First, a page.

Bankruptcy creditor objections: “Hipster Battles Funds”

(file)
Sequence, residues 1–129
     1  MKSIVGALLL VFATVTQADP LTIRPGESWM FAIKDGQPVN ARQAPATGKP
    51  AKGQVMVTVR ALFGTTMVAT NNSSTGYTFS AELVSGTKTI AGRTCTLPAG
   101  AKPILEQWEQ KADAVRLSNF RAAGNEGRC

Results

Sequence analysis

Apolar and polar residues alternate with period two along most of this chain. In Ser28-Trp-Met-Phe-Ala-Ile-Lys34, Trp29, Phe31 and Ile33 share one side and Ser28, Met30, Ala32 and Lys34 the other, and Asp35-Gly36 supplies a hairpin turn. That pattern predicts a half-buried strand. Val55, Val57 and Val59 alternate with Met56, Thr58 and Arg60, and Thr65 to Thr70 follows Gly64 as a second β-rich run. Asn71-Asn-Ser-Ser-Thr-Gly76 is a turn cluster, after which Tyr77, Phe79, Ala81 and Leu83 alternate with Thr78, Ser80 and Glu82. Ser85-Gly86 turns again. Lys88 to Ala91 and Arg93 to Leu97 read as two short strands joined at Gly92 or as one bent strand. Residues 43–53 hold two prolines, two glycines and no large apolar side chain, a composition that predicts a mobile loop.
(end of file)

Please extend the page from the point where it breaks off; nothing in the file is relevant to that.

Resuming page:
A bankruptcy court reorganization approval has some similarities to a class action settlement fairness hearing, as the court engages in an equitable inquiry to determine whether unrepresented parties are being fairly treated by a proposal. And, as we know from the fairness hearing context, courts often disregard the concerns of lay parties who can’t afford to retain attorneys to protect them. So Nate Thoma faced long odds when he filed a pro se objection to the reorganization proposal of bankrupt Washington Mutual, complaining about a structure that failed to treat similarly-situated creditors equally and “gerrymandering” by favored bondholders to buy up a smaller-valued class of securities that would be frozen out to create the artificial appearance of an impaired class favoring the reorganization. Three cheers to him for winning. [WSJ (h/t L.O.); Thoma objection; In re Washington Mutual, Inc., 442 BR 314 (Bankr. D. Del. 2011)]